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Care Connect Logo If you or someone you know is actively isolating or quarantining at home and needs food or other assistance, contact Care Connect Washington by calling or texting the program hotline, 1-833-453-0336.

How to care for yourself or others with COVID-19:

  • Pay attention to your symptoms. If your symptoms get worse, call a healthcare provider for guidance. If you do not have a healthcare provider, call the King County COVID-19 call center between 8 a.m.-7 p.m. at 206-477-3977.
  • Watch for emergency signs. Call 9-1-1 if you have:
    • Trouble breathing
    • Persistent pain or pressure in the chest
    • Unusual feelings of confusion or not able to respond
    • Lips or face have a blue or purple tint
  • If you test positive for COVID-19 or are at higher risk from the disease, getting COVID-19 treatment early can help to protect from severe illness and hospitalization. Ask your healthcare provider to see if treatment is recommended for you.

Use the calculator tool on the Washington State Department of Health website to find out if you should quarantine or isolate, and for how long.

Share this information with people you live with, people you have traveled in a vehicle with, and others who have been within 6 feet of you for 15 minutes or more since 2 days before your symptoms began.

If you or someone you know is actively isolating or quarantining at home and needs food or other assistance, Care Connect Washington by calling or texting the program hotline, 1-833-453-0336, Monday to Friday 9 a.m. to 7 p.m. and Saturday 9 a.m. to 1 p.m. Press #1 for English and #2 for Spanish.

If you used an over-the-counter self-test, you need to report your results to the Washington State Department of Health before receiving Care Connect services. To report results, call 1-800-525-0127 and press # (press #7 for Spanish). The Department of Health will contact you to do an assessment.

Care Connect workers can also help provide referrals to additional services or you can contact these services directly:

You can provide your employer with this statement that explains when it is safe for you to return to work.

Learn more about support for workers

If you test positive, health investigators known as contact tracers will reach out to help determine when you got sick and who you might have exposed. Your phone will identify the caller as "WA Health." You may also receive a text message.

Contact tracers will work with you to let your close contacts know what precautions to take and where to get a free test. They will not reveal your identity nor ask about your immigration status.

Contact tracing is a time-tested way to limit the spread of contagious diseases. If you get called, please answer. We need your help in stopping the spread of the virus to the community.

Here is more information about what to expect when they call.

View this infographic: What is Contact Tracing?

If they are not already fully vaccinated, adults and children who have completed quarantine following a COVID-19 diagnosis should get vaccinated right away! Vaccination should only be postponed if:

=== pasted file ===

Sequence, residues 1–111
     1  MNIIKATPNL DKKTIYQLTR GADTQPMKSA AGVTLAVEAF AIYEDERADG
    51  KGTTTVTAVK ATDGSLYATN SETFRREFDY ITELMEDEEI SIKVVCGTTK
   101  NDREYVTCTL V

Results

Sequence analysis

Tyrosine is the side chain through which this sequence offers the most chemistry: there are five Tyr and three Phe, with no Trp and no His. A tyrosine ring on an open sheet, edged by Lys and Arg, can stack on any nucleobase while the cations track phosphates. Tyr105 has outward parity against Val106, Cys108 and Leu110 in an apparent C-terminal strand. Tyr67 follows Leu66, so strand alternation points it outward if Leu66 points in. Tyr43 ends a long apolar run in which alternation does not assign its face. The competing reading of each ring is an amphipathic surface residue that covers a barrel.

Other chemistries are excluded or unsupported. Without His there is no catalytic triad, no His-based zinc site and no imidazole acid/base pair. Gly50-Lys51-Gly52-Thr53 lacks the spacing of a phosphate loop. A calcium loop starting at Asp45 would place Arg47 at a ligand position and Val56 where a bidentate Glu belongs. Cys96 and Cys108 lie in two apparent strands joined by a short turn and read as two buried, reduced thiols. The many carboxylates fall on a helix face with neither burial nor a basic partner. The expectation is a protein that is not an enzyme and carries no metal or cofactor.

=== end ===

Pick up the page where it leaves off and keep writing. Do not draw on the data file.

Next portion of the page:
• You have had a fever within the past 24 hours.
  • Cough or shortness of breath have not improved since you got COVID-19.
  • You received monoclonal antibody treatment* for COVID-19 within the past 90 days.
    *Common therapies include Casirivimab/Imdevimab (Regeneron) and Bamlanivimab/Etesevimab. Check with your doctor if you are unsure what treatments you received.

It's never been easier to get a COVID-19 vaccine! Everyone ages 5 and older is eligible.

COVID-19 vaccines are free! Vaccination is available regardless of insurance, citizenship, or immigration status. You will not be billed or charged for vaccination.

Vaccines are available at pharmacies, clinics, pop-up events, and high-volume vaccination sites. Many providers don't require appointments! You can even get vaccinated without leaving your car.

For more information go to

To find a vaccine near you go to

A negative test result means the virus that causes COVID-19 was not found in your specimen. If you took the test while you had symptoms and followed all instructions carefully, a negative result means your current illness is probably not COVID-19.

However, it is possible for a test to give a false negative. You could also test negative if the specimen was collected too early in your infection. In this case, you could test positive later during your illness.

If you are concerned that you might have COVID-19 because you were exposed or have symptoms, or that you might have a false negative result, then we recommend quarantining yourself and getting another COVID-19 test.

Options for repeat testing include:

  • through your healthcare provider
  • one of the King County testing sites
  • another testing site with confirmatory testing
  • continuing to test (no more than once in a 24-hour period) with a rapid self-test during your quarantine period. This is called serial testing. Serial testing is when a person tests themselves multiple times for COVID-19 on a routine basis, such as every few days. By testing more frequently, you might detect COVID-19 more quickly and could reduce the spread of infection. Some self-administered tests come with more than one test and instructions for performing serial testing. For serial testing to be used as a confirmatory negative test, you must have two negative test results in a row.

If a repeat test is positive, isolate from others for 5 days since your positive test, OR, if you develop symptoms, enter isolation the date your symptoms started, regardless of your vaccination status.

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